Mississippians without high school diploma now eligible for federal financial aid

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Mississippians without a high school diploma can now get financial aid while enrolled in select programs at the state’s community colleges. 

Under a plan approved by the U.S. Department of Education, Mississippi is now the fourth state to allow those without a high school diploma to receive federal student financial aid for enrolling in eligible career pathway programs at a Mississippi community college.

In a news release, the Mississippi Community College Board (MCCB) explained that certain students who previously would not qualify for federal financial aid, including those without a high school diploma or its equivalent, may be eligible for these resources. This includes students enrolled in the Mississippi Integrated Basic Education and Skills Training (MIBEST) program.

Available at all 15 community colleges in the state, the program allows students without a diploma to participate in adult education and career/technical education courses. The MCCB says the result is students have the opportunity to earn a high school equivalency and other postsecondary credentials in less time.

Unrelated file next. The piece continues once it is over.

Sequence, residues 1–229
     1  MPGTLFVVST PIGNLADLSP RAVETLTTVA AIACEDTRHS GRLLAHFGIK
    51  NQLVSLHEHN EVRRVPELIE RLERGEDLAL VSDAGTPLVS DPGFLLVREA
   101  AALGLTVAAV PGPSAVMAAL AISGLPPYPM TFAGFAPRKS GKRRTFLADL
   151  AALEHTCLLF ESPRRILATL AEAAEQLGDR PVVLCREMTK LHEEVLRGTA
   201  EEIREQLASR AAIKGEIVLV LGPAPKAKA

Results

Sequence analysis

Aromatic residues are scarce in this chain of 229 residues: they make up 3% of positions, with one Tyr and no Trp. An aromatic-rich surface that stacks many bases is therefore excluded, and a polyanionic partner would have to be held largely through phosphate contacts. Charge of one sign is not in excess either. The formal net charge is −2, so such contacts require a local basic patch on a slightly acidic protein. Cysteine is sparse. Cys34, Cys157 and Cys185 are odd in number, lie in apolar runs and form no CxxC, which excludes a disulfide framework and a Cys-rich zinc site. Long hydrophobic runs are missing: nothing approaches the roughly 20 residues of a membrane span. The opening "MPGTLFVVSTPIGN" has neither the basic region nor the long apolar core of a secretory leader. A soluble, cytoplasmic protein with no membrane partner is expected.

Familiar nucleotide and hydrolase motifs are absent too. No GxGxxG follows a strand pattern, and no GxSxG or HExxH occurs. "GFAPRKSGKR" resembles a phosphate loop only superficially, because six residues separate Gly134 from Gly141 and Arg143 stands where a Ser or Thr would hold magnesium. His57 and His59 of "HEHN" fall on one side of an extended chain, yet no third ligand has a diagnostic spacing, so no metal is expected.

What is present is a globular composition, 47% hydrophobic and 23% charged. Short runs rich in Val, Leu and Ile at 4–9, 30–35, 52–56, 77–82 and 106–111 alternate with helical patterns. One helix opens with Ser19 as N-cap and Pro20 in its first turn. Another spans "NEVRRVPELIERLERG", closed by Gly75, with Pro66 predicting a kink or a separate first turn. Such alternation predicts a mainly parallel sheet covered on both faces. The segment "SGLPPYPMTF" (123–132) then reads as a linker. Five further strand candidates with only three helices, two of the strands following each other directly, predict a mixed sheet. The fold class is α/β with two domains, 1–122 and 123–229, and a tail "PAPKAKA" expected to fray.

“I am very appreciative to the DOE for approving our process for Ability to Benefit,” Dr. Andrea Mayfield Executive Director of the Mississippi Community College Board, said.  “In Mississippi, we have more than 360,000 people without a high school diploma.  Oftentimes, these individuals are not able to have resources to improve their educational levels and skills training.  By allowing access to Federal financial aid, more people will have the opportunity to better their lives by working with a community college.  This benefits everyone.”

MIBEST is funded through a partnership between the MCCB and W.K. Kellogg Foundation, Women’s Foundation of Mississippi, and the Mississippi Department of Human Services.

“We could not be more pleased about the approval of the process for Ability to Benefit in Mississippi, and the potential to impact hundreds of thousands more Mississippians without a diploma to access Federal financial aid who otherwise could not enroll or afford community college,” Paula Sammons, program officer at the W.K. Kellogg Foundation overseeing the MIBEST grant, said. “Our founder, Will Keith Kellogg, said that education is the best way for truly improving one generation over another, and this is a path that offers the opportunity to do just that.”

For additional information on the process for Ability to Benefit, please contact the Mississippi Community College Board at either 601-432-6518 or info@mccb.edu.

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